Wednesday, April 11, 2007
"Rat Fink... fiddles with a beaker that's smoking and bubbling as per the Mad Scientist Lab Rulebook." -Ed Harris, Agony BoothSince Ed didn't provide a link, I think we should make our own rule book, both for Hollywood and woo stereotypes.
1. All scientists work with weirdly shaped bottles and flasks of colorful chemicals. These chemicals are always bubbling or smoking. It doesn't matter what kind of scientist he is. Colorful chemicals equals credibility.
2. If your introductory scene doesn't involve you carefully pouring something into a test tube, you're not a scientist.
3. A scientist's talent is directly proportional to the thickness of his German accent. The same is true of his madness.
4. Science is subject to the Storm Trooper Effect. A lone scientist working in a remote place is much more likely to produce earth-shattering breakthroughs than countless scientists and lab assistants working in a prestigious university in the center of a metropolis.
5. Atheist scientists are soulless ultra-materialists who reject the existence and importance of emotion. Religious scientists always make breakthroughs that involve, or at least hint at, the supernatural and are ridiculed and never believed until the climax.
6. There's usually someone who steals the scientist's secret/inventor's prototype for use in the eeeee-ville military. If the scientist/inventor explicitly expresses anti-military views, the probability jumps to 100%.
6a. If the scientist has a daughter, she will be kidnapped for use as a bargaining chip to acquire the secret or force the scientist to work for the kidnappers.
7. Scientists never believe that their new inventions can cause environmental problems or cause side effects.
7a. If they are convinced, they probably already knew and just don't care.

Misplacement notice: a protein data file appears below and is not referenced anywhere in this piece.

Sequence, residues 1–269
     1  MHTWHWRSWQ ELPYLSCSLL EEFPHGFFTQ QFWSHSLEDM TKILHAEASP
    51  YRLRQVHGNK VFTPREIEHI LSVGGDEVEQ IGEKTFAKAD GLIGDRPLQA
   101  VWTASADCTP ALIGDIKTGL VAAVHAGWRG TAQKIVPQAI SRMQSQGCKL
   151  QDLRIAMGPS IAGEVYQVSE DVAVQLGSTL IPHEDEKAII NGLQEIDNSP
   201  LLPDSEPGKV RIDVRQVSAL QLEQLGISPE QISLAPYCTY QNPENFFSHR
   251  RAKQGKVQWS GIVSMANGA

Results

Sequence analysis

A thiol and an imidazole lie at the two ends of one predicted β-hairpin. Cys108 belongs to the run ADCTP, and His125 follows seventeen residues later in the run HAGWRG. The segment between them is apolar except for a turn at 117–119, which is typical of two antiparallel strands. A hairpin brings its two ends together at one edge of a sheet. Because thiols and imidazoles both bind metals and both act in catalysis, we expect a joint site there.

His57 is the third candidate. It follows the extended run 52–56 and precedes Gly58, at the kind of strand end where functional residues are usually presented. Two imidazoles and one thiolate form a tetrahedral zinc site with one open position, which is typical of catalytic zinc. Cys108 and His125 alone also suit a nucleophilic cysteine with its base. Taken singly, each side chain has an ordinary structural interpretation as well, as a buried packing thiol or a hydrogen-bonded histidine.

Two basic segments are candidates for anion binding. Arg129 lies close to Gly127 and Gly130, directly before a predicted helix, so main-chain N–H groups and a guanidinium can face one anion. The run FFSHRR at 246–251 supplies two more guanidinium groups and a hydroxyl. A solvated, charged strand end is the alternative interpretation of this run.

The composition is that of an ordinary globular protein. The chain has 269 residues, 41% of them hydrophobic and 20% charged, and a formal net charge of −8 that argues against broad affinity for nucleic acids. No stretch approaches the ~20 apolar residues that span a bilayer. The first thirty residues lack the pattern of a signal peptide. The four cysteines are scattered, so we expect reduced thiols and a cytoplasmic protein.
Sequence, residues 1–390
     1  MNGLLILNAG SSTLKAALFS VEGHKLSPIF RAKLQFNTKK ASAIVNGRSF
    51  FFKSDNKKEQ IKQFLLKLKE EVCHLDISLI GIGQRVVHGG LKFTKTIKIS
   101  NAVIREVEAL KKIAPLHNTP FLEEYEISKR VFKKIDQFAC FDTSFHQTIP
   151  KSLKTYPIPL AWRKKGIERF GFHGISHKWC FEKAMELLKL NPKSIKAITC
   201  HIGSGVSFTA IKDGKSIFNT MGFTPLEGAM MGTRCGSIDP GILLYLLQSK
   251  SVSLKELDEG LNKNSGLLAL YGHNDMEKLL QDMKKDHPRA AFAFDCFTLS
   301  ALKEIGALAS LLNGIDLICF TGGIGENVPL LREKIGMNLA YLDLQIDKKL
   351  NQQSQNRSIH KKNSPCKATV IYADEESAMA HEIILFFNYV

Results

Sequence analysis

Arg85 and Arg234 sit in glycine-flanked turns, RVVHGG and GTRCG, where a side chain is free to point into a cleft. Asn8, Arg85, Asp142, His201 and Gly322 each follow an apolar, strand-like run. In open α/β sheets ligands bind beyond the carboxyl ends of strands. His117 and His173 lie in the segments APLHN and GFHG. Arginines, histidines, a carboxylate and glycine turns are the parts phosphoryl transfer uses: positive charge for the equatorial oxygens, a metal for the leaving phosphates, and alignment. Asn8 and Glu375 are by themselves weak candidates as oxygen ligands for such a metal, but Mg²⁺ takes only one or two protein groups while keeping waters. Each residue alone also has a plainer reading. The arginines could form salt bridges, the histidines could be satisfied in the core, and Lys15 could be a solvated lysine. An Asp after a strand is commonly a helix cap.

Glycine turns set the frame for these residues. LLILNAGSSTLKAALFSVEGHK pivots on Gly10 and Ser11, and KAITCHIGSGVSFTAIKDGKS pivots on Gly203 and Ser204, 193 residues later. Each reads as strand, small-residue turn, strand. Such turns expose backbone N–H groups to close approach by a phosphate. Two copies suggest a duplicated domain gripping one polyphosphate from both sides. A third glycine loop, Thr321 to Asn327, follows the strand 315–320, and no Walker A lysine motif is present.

8. If magic exists in the movie, science and technology are always evil. Magic is always environmentally friendly, and all nature scenes are nice and pretty. Swamps and wastelands are always the scientists' fault.
8a. When used against the giant monster, technological weapons built by optimistic scientists always fail where the magic sword of legend will succeed.
9. Scientists are always socially inept, absent-minded, and unable to party.
10. Magic tends to show up only after science bombs everything back into the stone age.
Okay, that should be enough to get you started.
Tuesday, April 10, 2007
Welcome back to "Doggerel," where I ramble on about words and phrases that are misused, abused, or just plain meaningless.
A lot of woos out there love relabeling. They're just itching to find the perfect label that'll convince us skeptics. They've claimed their favorite brand of woo isn't paranormal, as if that'll substitute for evidence. They've claimed it isn't paranormal in a transparent effort to avoid taking Randi's Challenge.
When I use the word 'paranormal,' I primarily mean something that would require overhauling everything we know if it was true. Homeopathy, for example, would require that we change chemistry on a fundamental level to account for substances becoming stronger the more dilute they get. I imagine the 'like cures like' buzz phrase would also require changing quite a lot we know about medicine.